Actually, Treasury yields have been inverted for a while, depending on which spread you look at it. At the same time, yields along the curve have dropped sharply in recent weeks, with some securities dropping to record lows.

For example, on Thursday, the yield on the 30-year bond dropped below 2.0% for the first time ever. That’s down from 3.45% on Halloween. The 10-year yield plunged below 1.60%, down from 3.16% last October 1 and it's lowest level since it hit 1.46% three years ago in July.

Meanwhile, the price of gold has jumped 18% since May to more than $1520 an ounce, its highest level in more than six years. And of course, stocks are down, with the S&P 500 off more than 6% since hitting a record high just a couple of weeks ago.

Why is the market so panicky? Continue reading "Mixed Signals"

World Oil Supply And Price Outlook, August 2019

The Energy Information Administration released its Short-Term Energy Outlook for August, and it shows that OECD oil inventories likely bottomed last June 2018 at 2.805 billion barrels. It estimated stocks dropped 16 million barrels in July to 2.887 billion, 61 million barrels higher than a year ago.

However, for the balance of 2019, OECD inventories are projected to rise, on balance. The third quarter seasonal stock draw is over. At year-end, EIA projects 2019 to be at 2.901 million barrels, 40 million more than at the end of 2018. For 2020, EIA projects that stocks will build 58 million barrels to end the year at 2.959 billion.


The EIA has revised its estimates for future OPEC production down significantly, given the sanctions on both Iran and Venezuela. For much of the balance of 2019 and 2020, it expects OPEC production to remain under 30 million barrels per day. July was reported at 29.61 mmbd. Continue reading "World Oil Supply And Price Outlook, August 2019"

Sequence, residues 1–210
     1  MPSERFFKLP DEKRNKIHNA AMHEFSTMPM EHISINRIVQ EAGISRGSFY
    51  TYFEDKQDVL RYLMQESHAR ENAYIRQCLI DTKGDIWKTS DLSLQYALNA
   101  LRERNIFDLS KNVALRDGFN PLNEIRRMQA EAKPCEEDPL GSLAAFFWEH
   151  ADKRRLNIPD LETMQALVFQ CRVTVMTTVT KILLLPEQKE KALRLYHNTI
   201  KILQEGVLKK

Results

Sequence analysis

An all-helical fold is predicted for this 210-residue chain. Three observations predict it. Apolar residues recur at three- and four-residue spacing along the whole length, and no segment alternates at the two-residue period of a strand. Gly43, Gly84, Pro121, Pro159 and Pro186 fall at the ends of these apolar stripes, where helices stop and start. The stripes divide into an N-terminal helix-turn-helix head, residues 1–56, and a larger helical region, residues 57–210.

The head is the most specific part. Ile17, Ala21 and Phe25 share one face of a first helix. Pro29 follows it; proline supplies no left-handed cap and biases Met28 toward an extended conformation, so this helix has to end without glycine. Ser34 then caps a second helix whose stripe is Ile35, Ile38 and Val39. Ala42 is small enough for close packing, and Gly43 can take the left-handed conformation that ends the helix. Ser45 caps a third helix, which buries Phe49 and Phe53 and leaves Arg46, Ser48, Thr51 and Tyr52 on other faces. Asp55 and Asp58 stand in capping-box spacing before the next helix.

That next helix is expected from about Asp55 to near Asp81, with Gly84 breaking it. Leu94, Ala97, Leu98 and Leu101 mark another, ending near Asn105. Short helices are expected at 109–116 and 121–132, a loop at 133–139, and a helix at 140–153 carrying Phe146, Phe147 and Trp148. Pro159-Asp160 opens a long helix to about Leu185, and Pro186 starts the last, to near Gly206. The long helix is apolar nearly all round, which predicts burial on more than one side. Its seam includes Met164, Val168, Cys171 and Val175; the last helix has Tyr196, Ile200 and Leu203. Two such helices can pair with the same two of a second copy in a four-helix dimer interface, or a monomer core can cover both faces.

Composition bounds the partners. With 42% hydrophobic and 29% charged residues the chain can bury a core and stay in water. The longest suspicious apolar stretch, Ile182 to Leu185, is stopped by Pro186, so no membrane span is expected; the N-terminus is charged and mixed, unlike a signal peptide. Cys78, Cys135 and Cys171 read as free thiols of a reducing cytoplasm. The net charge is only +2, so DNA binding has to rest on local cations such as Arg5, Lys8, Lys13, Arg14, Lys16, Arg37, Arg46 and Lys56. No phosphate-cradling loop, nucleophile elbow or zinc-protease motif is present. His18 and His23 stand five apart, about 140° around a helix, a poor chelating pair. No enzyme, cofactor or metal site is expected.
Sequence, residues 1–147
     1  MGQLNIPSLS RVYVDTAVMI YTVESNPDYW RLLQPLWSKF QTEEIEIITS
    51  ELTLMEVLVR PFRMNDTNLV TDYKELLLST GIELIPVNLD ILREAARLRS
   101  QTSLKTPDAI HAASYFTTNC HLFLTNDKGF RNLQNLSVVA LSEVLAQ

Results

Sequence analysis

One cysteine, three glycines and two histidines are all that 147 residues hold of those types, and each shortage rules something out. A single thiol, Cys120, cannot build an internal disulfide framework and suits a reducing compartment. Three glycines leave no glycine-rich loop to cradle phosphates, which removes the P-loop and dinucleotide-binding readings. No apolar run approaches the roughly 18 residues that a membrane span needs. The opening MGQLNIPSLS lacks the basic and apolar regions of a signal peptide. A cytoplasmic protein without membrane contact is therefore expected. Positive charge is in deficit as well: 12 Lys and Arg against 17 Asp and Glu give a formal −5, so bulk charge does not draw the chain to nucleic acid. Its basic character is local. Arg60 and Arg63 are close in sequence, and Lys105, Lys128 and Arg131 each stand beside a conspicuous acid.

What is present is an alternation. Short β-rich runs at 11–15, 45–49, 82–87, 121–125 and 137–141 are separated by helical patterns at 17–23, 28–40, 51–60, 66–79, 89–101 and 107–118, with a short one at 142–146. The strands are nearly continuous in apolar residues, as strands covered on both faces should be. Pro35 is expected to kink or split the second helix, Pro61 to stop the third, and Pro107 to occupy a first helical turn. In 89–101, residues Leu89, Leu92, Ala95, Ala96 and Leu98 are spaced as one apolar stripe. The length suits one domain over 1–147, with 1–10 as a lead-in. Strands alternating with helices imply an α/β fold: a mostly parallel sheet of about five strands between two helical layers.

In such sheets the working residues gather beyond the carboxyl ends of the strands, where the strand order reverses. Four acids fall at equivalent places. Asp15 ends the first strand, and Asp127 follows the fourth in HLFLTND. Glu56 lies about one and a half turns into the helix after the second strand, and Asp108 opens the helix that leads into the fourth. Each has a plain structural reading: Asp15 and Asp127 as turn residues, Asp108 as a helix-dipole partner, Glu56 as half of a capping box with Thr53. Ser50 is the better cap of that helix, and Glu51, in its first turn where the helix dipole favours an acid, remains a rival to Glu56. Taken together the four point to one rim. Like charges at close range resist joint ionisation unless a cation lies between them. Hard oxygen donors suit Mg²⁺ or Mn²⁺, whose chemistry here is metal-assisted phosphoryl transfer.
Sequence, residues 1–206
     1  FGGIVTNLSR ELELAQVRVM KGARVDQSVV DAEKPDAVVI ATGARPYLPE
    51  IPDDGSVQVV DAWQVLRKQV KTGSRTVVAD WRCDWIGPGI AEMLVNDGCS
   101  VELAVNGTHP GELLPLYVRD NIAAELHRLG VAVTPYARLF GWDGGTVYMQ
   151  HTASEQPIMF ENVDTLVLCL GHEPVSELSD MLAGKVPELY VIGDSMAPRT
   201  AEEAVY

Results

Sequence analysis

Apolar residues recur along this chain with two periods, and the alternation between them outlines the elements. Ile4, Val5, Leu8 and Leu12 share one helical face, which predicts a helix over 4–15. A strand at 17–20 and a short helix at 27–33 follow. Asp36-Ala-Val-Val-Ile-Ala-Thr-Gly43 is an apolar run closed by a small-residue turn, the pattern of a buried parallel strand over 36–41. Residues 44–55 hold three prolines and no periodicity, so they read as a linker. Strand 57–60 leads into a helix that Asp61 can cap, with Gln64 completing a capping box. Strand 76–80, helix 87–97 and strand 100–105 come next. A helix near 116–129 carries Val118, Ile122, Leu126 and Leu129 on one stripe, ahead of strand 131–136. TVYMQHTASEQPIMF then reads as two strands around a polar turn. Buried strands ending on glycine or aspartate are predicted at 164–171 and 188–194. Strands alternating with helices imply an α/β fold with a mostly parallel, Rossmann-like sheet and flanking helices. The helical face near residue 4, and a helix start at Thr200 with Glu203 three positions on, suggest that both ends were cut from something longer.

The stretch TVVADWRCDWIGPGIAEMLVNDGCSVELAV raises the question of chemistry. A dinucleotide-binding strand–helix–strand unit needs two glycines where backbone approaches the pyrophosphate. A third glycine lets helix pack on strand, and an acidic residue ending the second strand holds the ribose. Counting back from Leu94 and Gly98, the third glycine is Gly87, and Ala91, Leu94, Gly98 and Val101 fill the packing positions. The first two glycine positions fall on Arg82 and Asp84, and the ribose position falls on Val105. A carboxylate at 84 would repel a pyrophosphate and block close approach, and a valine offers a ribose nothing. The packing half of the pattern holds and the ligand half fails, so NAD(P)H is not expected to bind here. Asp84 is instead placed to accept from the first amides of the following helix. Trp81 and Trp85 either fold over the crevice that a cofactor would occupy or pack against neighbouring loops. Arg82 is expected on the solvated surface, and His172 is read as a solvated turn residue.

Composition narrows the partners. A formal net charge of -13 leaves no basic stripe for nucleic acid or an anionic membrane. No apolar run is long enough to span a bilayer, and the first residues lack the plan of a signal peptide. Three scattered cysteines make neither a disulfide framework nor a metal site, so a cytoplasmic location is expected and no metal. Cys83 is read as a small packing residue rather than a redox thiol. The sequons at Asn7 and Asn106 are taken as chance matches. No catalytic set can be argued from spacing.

Stocks Tumble On Recession Warning

Hello traders everywhere. Stocks fell sharply on Wednesday giving back all of Tuesday's gains after the U.S. bond market flashed a troubling signal about the U.S. economy. This move ignited fears that a recession may be on the horizon for the U.S. economy.

The DOW was down more than 600 points and is down over -2.3%, meanwhile the S&P 500 slumped -2.3% and the Nasdaq sank -2.5% on the day.

The yield on the benchmark 10-year Treasury note Wednesday broke below the 2-year rate, an odd bond market phenomenon that has been a reliable indicator for economic recessions. Investors, worried about the state of the economy, rushed to long-term safe-haven assets, pushing the yield on the benchmark 30-year Treasury bond to a new record low on Wednesday.

There have been five inversions of the 2-year and 10-year yields since 1978, and all were precursors to a recession, but there is a significant lag, according to data from Credit Suisse. A recession occurred, on average, 22 months after the inversion, Credit Suisse shows. And the S&P 500 enjoyed average returns of 15% 18 months after an inversion before it eventually turns.

The last time this key part of the yield curve inverted was in December 2005, two years before the recession hit.

Key Levels To Watch This Week:

Continue reading "Stocks Tumble On Recession Warning"